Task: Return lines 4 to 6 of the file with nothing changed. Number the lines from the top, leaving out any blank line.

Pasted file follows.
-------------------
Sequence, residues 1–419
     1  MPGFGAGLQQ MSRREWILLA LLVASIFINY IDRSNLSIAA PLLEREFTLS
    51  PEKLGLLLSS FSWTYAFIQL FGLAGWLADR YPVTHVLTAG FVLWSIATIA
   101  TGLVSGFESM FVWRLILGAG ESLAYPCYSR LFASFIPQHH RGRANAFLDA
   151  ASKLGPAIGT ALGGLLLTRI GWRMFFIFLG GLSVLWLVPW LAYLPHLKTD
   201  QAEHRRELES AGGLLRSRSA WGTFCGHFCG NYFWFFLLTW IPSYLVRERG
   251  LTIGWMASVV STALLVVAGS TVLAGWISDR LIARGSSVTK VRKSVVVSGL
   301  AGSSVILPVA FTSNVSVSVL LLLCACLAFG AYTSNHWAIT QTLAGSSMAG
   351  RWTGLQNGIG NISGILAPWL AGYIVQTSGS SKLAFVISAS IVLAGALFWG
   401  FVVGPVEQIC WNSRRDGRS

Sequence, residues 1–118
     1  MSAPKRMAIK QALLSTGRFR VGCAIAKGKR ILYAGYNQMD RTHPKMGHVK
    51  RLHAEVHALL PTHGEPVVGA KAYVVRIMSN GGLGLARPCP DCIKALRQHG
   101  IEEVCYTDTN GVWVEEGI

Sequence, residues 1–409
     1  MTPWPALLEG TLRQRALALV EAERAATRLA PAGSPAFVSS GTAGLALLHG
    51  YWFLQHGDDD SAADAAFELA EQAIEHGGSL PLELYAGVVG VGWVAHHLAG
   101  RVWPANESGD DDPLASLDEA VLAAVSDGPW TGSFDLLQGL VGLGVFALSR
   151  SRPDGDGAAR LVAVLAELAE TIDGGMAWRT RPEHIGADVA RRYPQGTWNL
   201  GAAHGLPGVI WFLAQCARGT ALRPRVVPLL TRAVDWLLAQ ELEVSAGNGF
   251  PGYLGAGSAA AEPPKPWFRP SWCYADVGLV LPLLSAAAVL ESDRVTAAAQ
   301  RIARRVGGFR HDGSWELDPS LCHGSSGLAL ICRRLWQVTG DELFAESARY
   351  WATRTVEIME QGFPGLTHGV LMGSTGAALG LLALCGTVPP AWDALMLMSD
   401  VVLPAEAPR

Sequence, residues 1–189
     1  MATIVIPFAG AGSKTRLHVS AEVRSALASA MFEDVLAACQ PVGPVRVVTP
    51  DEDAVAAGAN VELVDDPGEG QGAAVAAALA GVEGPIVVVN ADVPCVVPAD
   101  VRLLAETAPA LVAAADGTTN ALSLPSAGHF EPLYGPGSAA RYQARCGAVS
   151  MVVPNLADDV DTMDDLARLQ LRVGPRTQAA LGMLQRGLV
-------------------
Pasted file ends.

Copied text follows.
   101  TGLVSGFESM FVWRLILGAG ESLAYPCYSR LFASFIPQHH RGRANAFLDA
   151  ASKLGPAIGT ALGGLLLTRI GWRMFFIFLG GLSVLWLVPW LAYLPHLKTD
   201  QAEHRRELES AGGLLRSRSA WGTFCGHFCG NYFWFFLLTW IPSYLVRERG